Perhaps you misread the ending bit (or else I did)... to me, it was part of the multi-faceted way that storytelling affects how we understand events and yet renders facts elusive.
Here's what I got from that reveal in the end credits. It was not to suggest once and for all that that dude WAS the real father, or even possibly the real father. Nor was it to suggest that Diane Polley was some sort of whore, as many here seemed to think.
My take was simply this: when they were kids, and teased about the possibility that this guy was probably Sarah's real father, that guy became the odds on favorite and even looked like her and it really seemed like it might be true. Yet, when she confronted him about this part of his past & how he felt knowing he was considered as a possibility, he downplayed it and said Diane and him had just been friends and there was no romantic attachment between them at all.... yet, he said it in a way that seemed to betray that there was more to his story than he cared to reveal. True enough, when pressed by Sarah for a straight answer (as well as removing doubt by admitting a DNA test proved another man was in fact the father), he finally came clean and admitted he DID sleep with her.
To me, it felt a little more incidental. Yes, it's a bit of a twist to have him say, "but wait, I DID sleep with her after all! Maybe I AM the father!" but if that interpretation exists, it's only as a small joke, as if alluding to yet another layer to this story. But the fact that the DNA test is 99.997% makes the question irrelevant at this point, right?
Point being, in keeping with the themes of telling the stories of our lives, we choose to withhold information and reveal information in such a way that the "truth" can be elusive. The way this guy behaved during this portion of the interview helped underline the theme of secrets and the narratives we tell to obscure those secrets from others.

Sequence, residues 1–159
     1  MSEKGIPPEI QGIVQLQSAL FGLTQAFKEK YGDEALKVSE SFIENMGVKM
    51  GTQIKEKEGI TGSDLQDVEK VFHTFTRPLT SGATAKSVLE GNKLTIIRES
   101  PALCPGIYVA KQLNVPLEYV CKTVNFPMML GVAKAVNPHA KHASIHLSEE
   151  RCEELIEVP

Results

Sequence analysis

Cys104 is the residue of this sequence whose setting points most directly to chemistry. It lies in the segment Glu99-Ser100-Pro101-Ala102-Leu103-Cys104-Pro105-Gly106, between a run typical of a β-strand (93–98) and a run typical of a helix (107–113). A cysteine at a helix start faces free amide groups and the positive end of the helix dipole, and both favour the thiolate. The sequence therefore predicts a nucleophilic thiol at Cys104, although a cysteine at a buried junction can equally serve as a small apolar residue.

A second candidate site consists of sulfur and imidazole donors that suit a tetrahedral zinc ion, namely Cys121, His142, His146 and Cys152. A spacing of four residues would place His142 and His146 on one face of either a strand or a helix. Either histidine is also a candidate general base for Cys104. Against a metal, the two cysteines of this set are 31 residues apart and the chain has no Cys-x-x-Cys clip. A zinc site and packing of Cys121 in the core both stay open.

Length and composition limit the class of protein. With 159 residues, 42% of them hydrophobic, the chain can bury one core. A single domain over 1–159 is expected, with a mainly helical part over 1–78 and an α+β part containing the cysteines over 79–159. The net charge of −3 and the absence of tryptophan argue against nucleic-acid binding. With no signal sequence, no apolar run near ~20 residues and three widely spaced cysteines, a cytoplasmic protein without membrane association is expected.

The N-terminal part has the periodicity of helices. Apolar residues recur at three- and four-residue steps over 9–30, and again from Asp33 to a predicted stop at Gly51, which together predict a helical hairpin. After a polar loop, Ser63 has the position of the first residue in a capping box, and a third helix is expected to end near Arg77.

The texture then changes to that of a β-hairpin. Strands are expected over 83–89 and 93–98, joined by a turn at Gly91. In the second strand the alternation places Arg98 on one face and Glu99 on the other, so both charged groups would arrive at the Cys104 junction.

On the other hand, this is just how I interpreted that ending. He was unwilling to present the truth to her and originally lied about his relationship, then later revealed a different version by admitting to having sex with her. Maybe he was lying then? Who knows. As you suggested, maybe nobody knows anybody all that well.
It was not to suggest once and for all that that dude WAS the real father, or even possibly the real father. Nor was it to suggest that Diane Polley was some sort of whore, as many here seemed to think.
That's a total WTF to me that anyone would interpret it in either of those ways. People are so weird, and gross.
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I haven't read the rest of the replies yet...but you completely nailed it, I think. Particularly the part about this moment SO illustrating exactly what the movie is about. Or at least one aspect...how the telling of our stories is so...conditional.
Anyway...it's late and you already said it so well, so I'll just say, great perspective. Nailed it.
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